“Quit your bitching and grab onto Ot, now!” Prahtan barked, Wuppet, Trestam and Myrrel obeyed, latching onto the ogre.
Prahtan steeled herself, ripped the barb from Laylen’s skin, and jammed it into the ground which cracked and groaned as the barb wormed its way in with dark power. Laylen was oblivious to the pain, shrieking and recoiling at the encroaching figure.
Prahtan wrapped her arms around the petrified human and held her close to her bosom, “You saved us, now let us save you.”
Ot grabbed Prahtan and pulled her close too. “HOLD ON!” He bellowed and launched from the cliff.
The party left their guts and their groins up upon the cliff, the rest of them plummeted down in the rushing torrent of air. Wuppet was screaming, so was Laylen. Prahtan bit down on her fear and Ot growled, feeling the chain about to go taught.
With a crack they came to a jarring halt. They all grunted in shock, nearly losing their grip on Ot who bellowed in agony. Prahtan looked around anxiously, they were only half way down the cliff. She glanced up, ignoring the limp way Ot’s extended shoulder stretched, the way the chain wrapped tightly around his arm turning pink flesh purple, and she gazed up the cliff to find that the creature gazed back down at them.
It grabbed the chain in one arm and pulled, raising the party as if they weighed nothing.
“Forgive me, Ot!” Prahtan wriggled one arm free from his grip and struck at the chain links with her axe.
It writhed and grew as it did before. Each strike jolted the party with minor drops and they cried out in small frights while Ot screamed constantly. All their weight was now hanging by the flesh between his arm and shoulder.
They collapsed onto a tent at the base of the cliff, another party of people watched on from a distance, the commotion from above giving them time to retreat to a safe viewpoint.
Prahtan was up first, she grabbed Trestam from his tangle with Wuppet and roared, “Strike the chain with your light, now!”
Trestam grimaced and channelled holy light to his palm with a chant and grabbed the chain around Ot’s arm. It sizzled and writhed and retreated from the arm just before being yanked up by the being above.
“What the hell is going on?” Wuppet upped and stormed from the tangle of bodies.
Prahtan handed Laylen off to Myrrel—who guided her away—as she and Trestam hefted Ot up to inspect his shoulder.
“What indeed?” The leader of the camp they had fallen into stepped forward, an elderly orc with greening skin, a great white beard, and worn tusks.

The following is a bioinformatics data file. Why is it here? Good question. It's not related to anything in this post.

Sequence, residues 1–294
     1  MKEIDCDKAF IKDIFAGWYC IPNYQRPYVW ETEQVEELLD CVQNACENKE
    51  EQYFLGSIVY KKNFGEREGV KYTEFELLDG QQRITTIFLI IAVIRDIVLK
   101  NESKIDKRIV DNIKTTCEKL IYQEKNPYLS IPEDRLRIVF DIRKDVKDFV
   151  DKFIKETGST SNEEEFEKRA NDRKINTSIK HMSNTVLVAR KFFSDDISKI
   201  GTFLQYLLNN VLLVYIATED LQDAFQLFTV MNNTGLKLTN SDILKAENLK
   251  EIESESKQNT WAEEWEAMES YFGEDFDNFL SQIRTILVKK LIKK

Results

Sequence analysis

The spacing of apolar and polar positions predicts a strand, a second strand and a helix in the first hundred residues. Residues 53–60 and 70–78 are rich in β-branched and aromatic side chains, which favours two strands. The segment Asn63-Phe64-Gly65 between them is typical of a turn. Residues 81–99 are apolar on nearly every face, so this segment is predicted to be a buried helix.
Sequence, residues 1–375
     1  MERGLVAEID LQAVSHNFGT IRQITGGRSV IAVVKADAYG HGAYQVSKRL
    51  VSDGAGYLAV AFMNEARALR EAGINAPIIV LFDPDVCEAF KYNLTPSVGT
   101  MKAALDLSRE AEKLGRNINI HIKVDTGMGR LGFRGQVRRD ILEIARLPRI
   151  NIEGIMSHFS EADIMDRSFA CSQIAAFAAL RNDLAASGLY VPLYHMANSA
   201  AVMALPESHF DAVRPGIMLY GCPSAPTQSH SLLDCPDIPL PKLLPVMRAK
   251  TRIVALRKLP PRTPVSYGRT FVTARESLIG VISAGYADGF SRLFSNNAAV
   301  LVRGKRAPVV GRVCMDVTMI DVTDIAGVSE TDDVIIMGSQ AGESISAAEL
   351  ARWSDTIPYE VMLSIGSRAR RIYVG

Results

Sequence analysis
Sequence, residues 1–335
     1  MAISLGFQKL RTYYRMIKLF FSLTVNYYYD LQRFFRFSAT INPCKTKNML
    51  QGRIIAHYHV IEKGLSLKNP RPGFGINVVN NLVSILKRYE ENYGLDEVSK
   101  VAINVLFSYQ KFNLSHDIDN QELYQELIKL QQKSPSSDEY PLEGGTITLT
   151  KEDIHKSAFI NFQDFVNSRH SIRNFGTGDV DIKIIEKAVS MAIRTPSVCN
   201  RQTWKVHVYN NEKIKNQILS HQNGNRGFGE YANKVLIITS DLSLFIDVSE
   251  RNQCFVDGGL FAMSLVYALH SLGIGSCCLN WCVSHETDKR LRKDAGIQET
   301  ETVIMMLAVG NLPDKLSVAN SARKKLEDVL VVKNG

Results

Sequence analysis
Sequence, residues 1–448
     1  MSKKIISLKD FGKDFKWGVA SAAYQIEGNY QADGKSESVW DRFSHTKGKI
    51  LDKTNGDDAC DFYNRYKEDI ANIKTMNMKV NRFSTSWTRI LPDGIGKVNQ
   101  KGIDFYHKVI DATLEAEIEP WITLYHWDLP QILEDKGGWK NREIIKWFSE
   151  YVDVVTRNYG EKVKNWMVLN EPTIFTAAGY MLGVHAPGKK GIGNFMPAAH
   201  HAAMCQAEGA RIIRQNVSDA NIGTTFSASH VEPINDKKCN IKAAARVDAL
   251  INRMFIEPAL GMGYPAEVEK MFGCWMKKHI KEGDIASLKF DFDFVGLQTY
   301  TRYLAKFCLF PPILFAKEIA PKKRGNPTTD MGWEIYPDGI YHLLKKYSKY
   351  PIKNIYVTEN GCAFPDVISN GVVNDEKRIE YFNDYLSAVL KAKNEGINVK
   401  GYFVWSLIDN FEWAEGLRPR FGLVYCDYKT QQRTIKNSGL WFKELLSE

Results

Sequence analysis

He had a hobbled gait and carried a gnarled staff. With him was a young, hooded satyr, a powerful looking centaur clad in plate, and a goblin.
“Pardon the intrusion, Orc elder,” Myrrel dropped Laylen and bowed, “We were beset by . . .” he choked, his eyes darted around as the full weight of their encounter set in, “Something . . . it killed Gomlon.”
“Yeah,” Wuppet shouted, “Something,” he turned on Laylen who huddled herself against a rock. “What the hell did you get us into?”
“Wuppet,” Prahtan warned, “Ease off.”
“Is,” Laylen was rocking back and forth. “Is he okay?” She glanced at Ot’s arm and hurriedly looked away.
“His arm is dislocated,” The orc wizard hummed, “That was quite a feat, mighty Ogre.”
Ot mumbled incoherently.
“Hush Ot, hush,” Prahtan caressed his face, “You did so well.”
“Is he okay?” Laylen repeated.
Trestam was murmuring more chants and instilling light into the shoulder joint.
“Bah,” Wuppet stalked from Laylen and pulled a salve from his belt, assisting with the healing in his own stubborn way.
“Sometimes it’s hard being so strong. People expect much from you and often give very little in return.” Prahtan was still caressing Ot’s face, smiling into his pain veiled eyes.
“You speak as if from experience?” Laylen said, “You have suffered?”
Prahtan gazed around the wrecked campsite. Myrrel was explaining the recent events to the people they disturbed with wild gestures and Trestam and Wuppet were busy tending to Ot’s shoulder. “These days, who hasn’t?”
“Then why do you endure?”
“Because even these days, there is always enough hope.” Prahtan hefted Laylen up. “I think you owe us some answers.”
“Starting with what the hell that thing was!” Wuppet barked.
Laylen jolted at his outburst. “He is an Arch Demon.”
“And Arch demon?” The orc wizard raised an eyebrow. He looked to his companions who shrugged. “I don’t think such things exist, my dear, not in this world.”
“Sure as shit explains what we just witnessed!” Myrrel cried, his every gesticulation scraped his armour plating.
“He is a demon! He slaughtered my convent and has tracked me my whole life.” Laylen sobbed.
“Why you?” Prahtan asked, “Is it to do with the magic you can wield?” Laylen looked away; Prahtan narrowed her eyes, “Why did we watch our friend get drained of life?”
“He and his ilk feed on magic, they crave it! They have been forcing their way into our world through the underworld in the weak spots of this plain. They seek sources of magic, and once they feed on them the veil will weaken more, and more demons will pour through to feed on even more . . .” Laylen rambled.
“And why is this one hunting you?” Trestam asked.
Laylen looked away again.
“I may not have witnessed what you poor people have witnessed, but what the girl says makes some sense,” The orc wizard hobbled over and inspected the girl. “Without necromancers to keep hauntings in check, some places are more ajar to the underworld, where souls bereft of the great light dwell. But demons . . . they are not something native to that place. The underworld is just an abyssal plain, an absence of peace and the sun. If demons exist, they are from somewhere else.”